COVID Testing before Holiday Gatherings
On December 6, 2021, the Centers for Disease Control and Prevention (CDC) updated its COVID-19 testing guidance to recommend testing for COVID-19 before holiday gatherings, regardless of vaccination status.
Because the holidays in 2020 were celebrated virtually for the most part through online platforms such as Zooms and Facetime, people are eager to get together in person this year. The COVID-19 vaccines and boosters, in combination with following the recommended COVID-19 safety guidelines such as hand washing and wearing a mask, have allowed people to begin opening their doors to family and friends once again. However, it is not without risk; COVID cases are on the rise once again, and the omicron variant has been spreading rapidly across the country.
In order to protect yourself and loved ones, especially vulnerable populations (young children who are not yet eligible to be vaccinated, older adults including grandparents, and those with compromised immune systems), a simple and quick COVID-19 test should be done before you gather.
Eileen Knightly, chief nursing officer at OSF HealthCare Little Company of Mary Medical Center in Evergreen Park, Illinois, discusses the importance of testing before your holiday gathering – including who should test and when.
“If you’re fully vaccinated and you’re boosted, you should still test. If you’re going to be with just your immediate family – meaning the people who live in your household with you – then testing probably isn’t necessary because you’re all together in a household. But if you’re going to bring together multiple households – meaning more than one household – everyone in the group should be tested,” says Knightly.
Many retail drug stores offer rapid tests by appointment. Additionally, there are community testing sites and FDA-approved home tests that can be used. If you do choose to test at home, the CDC has released guidance on self-testing as well. It is recommended to schedule or purchase your test early, in order to ensure you have it in time for the holidays.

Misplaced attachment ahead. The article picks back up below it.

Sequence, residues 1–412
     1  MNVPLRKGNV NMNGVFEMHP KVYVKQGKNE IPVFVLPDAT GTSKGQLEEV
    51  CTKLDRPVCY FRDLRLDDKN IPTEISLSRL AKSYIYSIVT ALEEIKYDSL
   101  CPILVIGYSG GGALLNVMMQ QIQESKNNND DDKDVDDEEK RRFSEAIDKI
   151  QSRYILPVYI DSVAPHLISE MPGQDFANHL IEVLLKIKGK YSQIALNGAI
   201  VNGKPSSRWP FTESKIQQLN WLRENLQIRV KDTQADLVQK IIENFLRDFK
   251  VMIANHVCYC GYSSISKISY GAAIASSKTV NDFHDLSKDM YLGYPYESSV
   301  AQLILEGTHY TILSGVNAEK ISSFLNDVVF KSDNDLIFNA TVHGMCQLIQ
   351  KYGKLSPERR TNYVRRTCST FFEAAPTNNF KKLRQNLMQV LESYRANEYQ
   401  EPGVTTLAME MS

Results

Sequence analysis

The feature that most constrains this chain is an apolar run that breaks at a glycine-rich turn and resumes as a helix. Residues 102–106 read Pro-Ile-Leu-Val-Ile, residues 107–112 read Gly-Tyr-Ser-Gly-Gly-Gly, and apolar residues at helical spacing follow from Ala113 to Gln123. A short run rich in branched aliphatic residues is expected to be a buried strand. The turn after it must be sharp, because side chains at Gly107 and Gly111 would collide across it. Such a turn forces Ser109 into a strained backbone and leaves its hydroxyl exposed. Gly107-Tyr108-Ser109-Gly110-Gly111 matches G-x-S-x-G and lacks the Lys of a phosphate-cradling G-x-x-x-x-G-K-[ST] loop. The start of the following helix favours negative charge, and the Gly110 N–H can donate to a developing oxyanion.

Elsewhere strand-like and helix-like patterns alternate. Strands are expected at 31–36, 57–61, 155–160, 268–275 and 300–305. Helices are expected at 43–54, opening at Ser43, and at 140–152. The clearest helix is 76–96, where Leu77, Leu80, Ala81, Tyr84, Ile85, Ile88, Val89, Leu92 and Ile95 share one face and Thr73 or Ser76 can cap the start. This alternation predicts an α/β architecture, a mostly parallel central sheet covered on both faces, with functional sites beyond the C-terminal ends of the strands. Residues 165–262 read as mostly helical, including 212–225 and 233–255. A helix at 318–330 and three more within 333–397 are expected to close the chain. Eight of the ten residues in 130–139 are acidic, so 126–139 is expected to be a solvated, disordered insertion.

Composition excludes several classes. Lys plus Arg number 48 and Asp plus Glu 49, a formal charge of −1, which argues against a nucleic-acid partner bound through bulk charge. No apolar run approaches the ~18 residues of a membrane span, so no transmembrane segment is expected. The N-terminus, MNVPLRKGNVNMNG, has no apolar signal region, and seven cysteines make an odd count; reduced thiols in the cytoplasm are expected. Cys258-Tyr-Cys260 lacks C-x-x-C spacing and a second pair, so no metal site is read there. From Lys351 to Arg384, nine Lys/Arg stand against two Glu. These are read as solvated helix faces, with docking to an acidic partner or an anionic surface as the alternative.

So you have ordered your at-home test or are looking to schedule a rapid test. The next step is determining when to do it.
“I think people are really looking to reengage, and that’s wonderful. I think your test should be done very close to the time you’re going to gather. So, for example, if you’re going to gather at four o’clock and go to mass, really make sure that you’re testing sometime that afternoon. It would be great if you could get a quick PCR test somewhere – but if not, the home tests really are fairly accurate,” Knightly explains.
While COVID-19 testing is recommended by the CDC for anyone who plans to attend a gathering this holiday season regardless of symptoms or vaccination status, it is especially important to test if you are experiencing any symptoms, including minor symptoms such as a cough, stuffy nose, body aches, chills, shortness of breath, fatigue, fever, diarrhea, and vomiting. OSF HealthCare does offer COVID-19 testing for those who are symptomatic.
If you are feeling sick and get a negative COVID test result, Knightly advises it is still important to take extra precautions and avoid holiday gatherings this year when feeling ill.
“The more we spread this, the worse it is, so I would say that if you’re not well you really need to stay home. It’s a really important time for us to really make sure that – and wearing the mask helps, certainly washing our hands and keeping a distance – but if you’re not well, then you should stay home. It’s important that if you’re not well and you test and you’re negative, a couple days later if you are still not well then you should retest. But certainly quarantining is really important,” advises Knightly.
Health officials are not recommending avoiding your holiday celebrations altogether, but getting a rapid COVID test before you gather with loved ones is the best way to ensure you are celebrating safely.
Knightly adds: “We had a significant surge after Thanksgiving so I think it’s going to be really important for everyone to be all in. I think this is something that everyone has to do. If everyone isn’t all in, you could end up in a bad situation at a family gathering when you didn’t need to be.”